The NASA shared that scientists have discovered frozen water deposits in the darkest and coldest parts of the Moon’s polar regions as per data provided by Chandrayaan-I spacecraft.
It shared that ice had covered the surface within the top few millimeters which indicates the presence of water that would be accessible as a resource for future expeditions to explore and it made work easier to access than the water detected beneath the lunar surface.
The new ice traces are found in the shadows of craters near the poles where the sunlight hardly reaches and the temperature never reaches above minus 156 degrees Celsius due to the very small tilt of the Moon’s rotation axis which doesn’t permit sunlight to fall in the region.
It is even detected that the north pole’s ice is widely but sparsely spread whereas, most of the ice is found concentrated in lunar holes of southern pole.
The NASA scientists used data from the Moon Mineralogy Mapper (M3) instrument to detect three specific signs that prove the presence of the water ice at the lunar’s surface.
M3, aboard the Chandrayan-1 spacecraft, equipped with the technologies could confirm the presence of solid ice on the moon. It collected the data which detected the reflective properties and even measured the distinctive way its molecules absorb infrared light which could differentiate between the solid ice, vapours and liquid water.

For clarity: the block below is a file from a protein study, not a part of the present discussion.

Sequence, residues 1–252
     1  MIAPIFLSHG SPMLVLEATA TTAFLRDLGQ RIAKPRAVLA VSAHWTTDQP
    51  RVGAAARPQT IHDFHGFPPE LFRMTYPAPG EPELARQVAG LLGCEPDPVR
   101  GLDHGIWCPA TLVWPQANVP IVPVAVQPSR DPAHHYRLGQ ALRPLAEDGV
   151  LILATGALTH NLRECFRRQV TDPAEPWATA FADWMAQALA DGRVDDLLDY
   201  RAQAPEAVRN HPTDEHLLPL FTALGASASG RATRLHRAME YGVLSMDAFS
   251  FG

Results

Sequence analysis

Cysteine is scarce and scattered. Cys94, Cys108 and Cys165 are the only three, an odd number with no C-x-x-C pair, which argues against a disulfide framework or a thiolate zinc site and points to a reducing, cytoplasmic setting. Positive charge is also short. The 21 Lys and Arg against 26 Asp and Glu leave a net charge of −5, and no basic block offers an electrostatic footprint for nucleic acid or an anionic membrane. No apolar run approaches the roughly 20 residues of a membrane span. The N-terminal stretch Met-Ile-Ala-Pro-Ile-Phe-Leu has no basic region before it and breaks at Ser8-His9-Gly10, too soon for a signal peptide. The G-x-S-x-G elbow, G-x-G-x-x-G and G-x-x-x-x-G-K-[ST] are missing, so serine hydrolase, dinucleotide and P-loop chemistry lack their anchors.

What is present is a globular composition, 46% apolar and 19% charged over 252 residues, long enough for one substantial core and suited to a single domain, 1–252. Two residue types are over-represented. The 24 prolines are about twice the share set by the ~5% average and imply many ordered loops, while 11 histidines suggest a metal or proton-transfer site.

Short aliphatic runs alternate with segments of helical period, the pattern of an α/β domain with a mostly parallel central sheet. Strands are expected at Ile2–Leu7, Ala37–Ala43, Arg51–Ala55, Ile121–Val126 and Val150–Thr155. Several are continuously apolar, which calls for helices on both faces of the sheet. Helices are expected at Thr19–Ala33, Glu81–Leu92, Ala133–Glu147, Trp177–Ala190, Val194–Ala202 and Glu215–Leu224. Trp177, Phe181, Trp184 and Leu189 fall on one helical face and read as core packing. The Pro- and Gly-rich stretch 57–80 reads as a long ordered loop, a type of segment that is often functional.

Chandrayaan-1 was India’s First lunar mission, launched successfully on October 22, 2008, from SDSC SHAR, Sriharikota.
The spacecraft which was loaded with 11 scientific instruments built in India, UK, USA, Germany, Bulgaria, and Sweden was orbiting around the Moon at a height of 100 km from the lunar surface. It was launched with a mission to observe chemical, mineralogical and photo-geologic mapping of the Moon.
The orbit was raised to 200 km during May 2009 when the major objectives of the missions were accomplished. The Chandrayaan-1 had completed more than 3400 orbits around the moon before the connection was lost with it on August 29, 2009.